is a valley and an administrative district in the Khyber Pakhtunkhwa near the Pakistan-Afghanistan border. It is the upper valley of the Swat River, which rises in the Hindu Kush range. The capital of Swat is Saidu Sharif, but the main town in the Swat valley is Mingora.
Swat has been inhabited for over two thousand years. The first occupants created well-planned towns. In 327 BC, Alexander the Great fought his way to Udegram and Barikot and stormed their battlements. In Greek accounts, these towns have been identified as Ora and Bazira, respectively. Around the 2nd century BC, the area was occupied byBuddhists, who were attracted by the peace and serenity of the land. There are many remains that testify to their skills as sculptors and architects. … [see more]
BY Adam B. Ellick and Irfan Ashraf | Oct. 9, 2012 | 32:51
A 2009 documentary by Adam B. Ellick profiled Malala Yousafzai, a Pakistani girl whose school was shot down by the Taliban. Ms. Yousafzai was shot by a gunman on Oct. 9, 2012. [watch now]
BY Gabe Johnson and Adam B. Ellick | Oct. 7, 2013 | 11:06
The story of Malala Yousafzai, the Pakistani schoolgirl, told by The Times’s Adam B. Ellick, who made a 2009 documentary about her before she was an international star. [watch now]
PBS NewsHour Extra | Oct.15, 2013 | 10:03
Malala hopes to earn the prize of “seeing every child go to school”. [watch now]
“[My father] hated the fact that most people would not speak up. In his pocket he kept a poem written by Martin Niemoller, who had lived in Nazi Germany.
“First they came for the communists, and I didn’t speak out because I wasn’t a communist.
Then they came for the socialists, and I didn’t speak out because I wasn’t a socialist.
Then they came for the trade unionists, and I didn’t speak out because I wasn’t a trade unionist.
Then they came for the Jews, and I didn’t speak out because I was not a Jew.
Then they came for the Catholics, and I didn’t speak out because I was not a Catholic.
Then they came for me, and there was no one left to speak for me.”
I knew he was right. If people were silent nothing would change.”
“Some people only ask others to do something. I believe that, why should I wait for someone else? Why don’t I take a step and move forward?”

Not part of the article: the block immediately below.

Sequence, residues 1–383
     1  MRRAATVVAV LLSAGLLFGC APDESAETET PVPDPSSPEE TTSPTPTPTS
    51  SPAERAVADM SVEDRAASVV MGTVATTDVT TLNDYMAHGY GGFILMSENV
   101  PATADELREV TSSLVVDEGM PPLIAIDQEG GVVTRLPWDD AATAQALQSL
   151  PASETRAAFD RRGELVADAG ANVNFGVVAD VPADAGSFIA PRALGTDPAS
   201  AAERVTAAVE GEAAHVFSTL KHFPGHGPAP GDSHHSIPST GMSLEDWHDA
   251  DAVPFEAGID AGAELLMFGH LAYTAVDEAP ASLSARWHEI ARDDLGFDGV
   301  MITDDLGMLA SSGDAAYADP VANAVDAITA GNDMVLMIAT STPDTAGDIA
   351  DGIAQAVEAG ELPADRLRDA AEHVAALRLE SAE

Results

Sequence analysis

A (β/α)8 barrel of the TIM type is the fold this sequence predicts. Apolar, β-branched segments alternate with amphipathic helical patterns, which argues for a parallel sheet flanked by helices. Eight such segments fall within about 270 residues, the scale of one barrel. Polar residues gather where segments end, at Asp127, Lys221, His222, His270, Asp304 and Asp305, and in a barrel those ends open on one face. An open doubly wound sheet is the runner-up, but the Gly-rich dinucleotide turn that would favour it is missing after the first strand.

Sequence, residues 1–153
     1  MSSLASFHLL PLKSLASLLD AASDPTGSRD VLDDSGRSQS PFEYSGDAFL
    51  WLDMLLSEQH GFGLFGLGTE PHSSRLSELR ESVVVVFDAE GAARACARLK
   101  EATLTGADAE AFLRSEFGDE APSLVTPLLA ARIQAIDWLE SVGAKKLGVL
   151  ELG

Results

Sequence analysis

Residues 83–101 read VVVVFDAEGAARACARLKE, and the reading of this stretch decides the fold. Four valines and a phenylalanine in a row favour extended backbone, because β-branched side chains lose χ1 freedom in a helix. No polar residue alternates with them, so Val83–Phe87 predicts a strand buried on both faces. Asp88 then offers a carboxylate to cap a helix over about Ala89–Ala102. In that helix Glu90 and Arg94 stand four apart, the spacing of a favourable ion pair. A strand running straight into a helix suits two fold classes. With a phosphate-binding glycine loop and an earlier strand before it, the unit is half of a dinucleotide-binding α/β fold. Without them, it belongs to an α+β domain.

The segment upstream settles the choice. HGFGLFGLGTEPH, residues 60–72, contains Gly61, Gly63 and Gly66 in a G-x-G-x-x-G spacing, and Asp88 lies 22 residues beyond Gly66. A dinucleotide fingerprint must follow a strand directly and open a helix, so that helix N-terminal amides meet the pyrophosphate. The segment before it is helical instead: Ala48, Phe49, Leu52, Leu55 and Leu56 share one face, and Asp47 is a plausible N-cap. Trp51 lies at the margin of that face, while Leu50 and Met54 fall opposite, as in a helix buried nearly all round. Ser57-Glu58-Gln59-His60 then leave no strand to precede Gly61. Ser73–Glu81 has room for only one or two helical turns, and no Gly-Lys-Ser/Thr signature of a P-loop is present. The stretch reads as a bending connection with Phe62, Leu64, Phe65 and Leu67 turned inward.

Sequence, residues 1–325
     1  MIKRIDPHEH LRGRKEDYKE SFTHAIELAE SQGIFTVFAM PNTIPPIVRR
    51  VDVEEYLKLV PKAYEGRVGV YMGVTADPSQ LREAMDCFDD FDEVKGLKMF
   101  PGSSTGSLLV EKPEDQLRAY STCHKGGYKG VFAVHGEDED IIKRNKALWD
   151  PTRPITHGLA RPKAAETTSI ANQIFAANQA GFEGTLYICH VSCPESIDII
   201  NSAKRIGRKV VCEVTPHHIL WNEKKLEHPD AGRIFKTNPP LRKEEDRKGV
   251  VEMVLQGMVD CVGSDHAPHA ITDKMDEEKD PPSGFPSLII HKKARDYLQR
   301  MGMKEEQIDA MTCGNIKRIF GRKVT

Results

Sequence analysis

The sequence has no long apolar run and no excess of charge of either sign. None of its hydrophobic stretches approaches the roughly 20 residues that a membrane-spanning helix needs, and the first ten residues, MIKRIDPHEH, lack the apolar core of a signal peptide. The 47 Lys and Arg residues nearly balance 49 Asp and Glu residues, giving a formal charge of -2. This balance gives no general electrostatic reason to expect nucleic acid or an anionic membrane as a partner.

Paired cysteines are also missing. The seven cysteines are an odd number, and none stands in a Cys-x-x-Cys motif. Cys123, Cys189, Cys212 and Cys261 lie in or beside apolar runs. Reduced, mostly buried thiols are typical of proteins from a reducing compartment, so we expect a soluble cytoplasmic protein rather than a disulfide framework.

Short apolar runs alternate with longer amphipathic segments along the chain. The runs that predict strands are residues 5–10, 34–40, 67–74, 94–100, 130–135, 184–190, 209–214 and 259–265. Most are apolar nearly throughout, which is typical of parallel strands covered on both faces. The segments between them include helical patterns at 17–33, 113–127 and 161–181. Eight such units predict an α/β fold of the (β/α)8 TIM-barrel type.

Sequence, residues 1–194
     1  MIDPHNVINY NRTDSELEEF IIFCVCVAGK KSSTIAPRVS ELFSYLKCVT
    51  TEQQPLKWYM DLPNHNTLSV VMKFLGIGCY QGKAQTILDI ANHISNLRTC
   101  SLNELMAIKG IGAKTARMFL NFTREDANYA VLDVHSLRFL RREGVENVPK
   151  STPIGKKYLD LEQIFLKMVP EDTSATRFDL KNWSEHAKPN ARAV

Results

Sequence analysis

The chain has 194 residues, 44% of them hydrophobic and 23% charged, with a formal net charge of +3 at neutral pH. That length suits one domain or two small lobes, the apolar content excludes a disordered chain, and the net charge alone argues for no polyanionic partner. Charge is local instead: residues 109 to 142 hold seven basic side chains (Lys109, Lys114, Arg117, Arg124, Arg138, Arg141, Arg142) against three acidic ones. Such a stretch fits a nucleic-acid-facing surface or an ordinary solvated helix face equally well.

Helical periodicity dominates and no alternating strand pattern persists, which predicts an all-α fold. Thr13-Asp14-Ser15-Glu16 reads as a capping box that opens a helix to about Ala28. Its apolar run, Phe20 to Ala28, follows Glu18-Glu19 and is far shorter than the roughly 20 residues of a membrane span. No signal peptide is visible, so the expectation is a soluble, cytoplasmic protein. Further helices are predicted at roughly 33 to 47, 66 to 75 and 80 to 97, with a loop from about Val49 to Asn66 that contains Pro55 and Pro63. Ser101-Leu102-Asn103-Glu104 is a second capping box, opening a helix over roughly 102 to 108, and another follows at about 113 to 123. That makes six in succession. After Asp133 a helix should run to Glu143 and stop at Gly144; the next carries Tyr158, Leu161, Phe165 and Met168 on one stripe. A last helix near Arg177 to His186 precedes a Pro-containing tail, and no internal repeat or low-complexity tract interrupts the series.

“Malala used to be known as my daughter, but now I am know as her father – and proud of it.”
“If you want to end war, then instead of sending guns, send books. Instead of sending tanks, send pens. Instead of sending soldiers, send teachers.”
A Fabulous Pakistani/Indian Meal
Catherine served a beautiful and delicious Malala-themed meal at our book club meeting. Spiced Chai Tea, Chicken Tikka Masala, White Rice, Naan Bread, and for dessert, Rice Kheer. Fabulous! Find her recipes here and here.
Warm up questions
- Why do some people in other parts of the world want to keep girls from having an education?
- Where is Pakistan? What do you know about the country?
- How can education opportunities change a society?
- Malala has said, “Let us pick up our book and our pens. They are our most powerful weapon.” Explain the significance of this quote in the context of her experience as a girl in the Swat Region of Pakistan as well as a member of the global community.
- Do you think it is a worth-while goal to ensure that every child has the opportunity to be educated? Explain your answer.
- What are the characteristics of a hero? Is Malala Yousafzai a hero? Defend your answer.
1. Would you have had the bravery that Malala exhibited and continues to exhibit?
2. Talk about the role of Malala’s parents, especially her father, Ziauddin. If you were her parents, would you have encouraged her to write and speak out?
3. How does Malala describe the affect of the growing Taliban presence in her region? Talk about the rules they imposed on the citizens in the Swat valley. What was life like?
4. Mala has said that despite the Taliban’s restrictions against girls/women, she remains a proud believer. Would you—could you—maintain your faith given those same restrictions? *
5. Talk about the reaction of the international community after Malala’s shooting. Has the outrage made a difference…has it had any effect?
6. What can be done about female education in the Middle East and places like Pakistan? What are the prospects? Can one girl, despite her worldwide fame, make a difference? Why does the Taliban want to prevent girls from acquiring an education—how do they see the female role? *
7. This is as good a time as any to talk about the Taliban’s power in the Muslim world. Why does it continue to grow and attract followers…or is it gaining new followers? What attraction does it have for Muslim men? Can it ever be defeated?
* LitLovers received an email sharing the following perspective, which draws a clear distinction between the Muslim faith and Taliban practices. The email relates to Questions 4 and 6, respectively:
There is no “overt” Muslim prejudice against women. Although there are some customs in Islam specifically intended for women, these customs are for a reason. Everything has a reason. The Taliban, however, take things to a far new level. They overtly shed women of certain rights they deserve. There is a distinction between Islamic rules and customs and Taliban discrimination.
Muslims do not prevent women from acquiring an education. It is the Taliban that does so. Educating women is encouraged in Islam. One of the biggest Muslim scholars was in fact a woman…. Like Malala, I am sad the Taliban carry out their activities in the name of Islam. And I am glad her story is being heard… —Sarah, a student.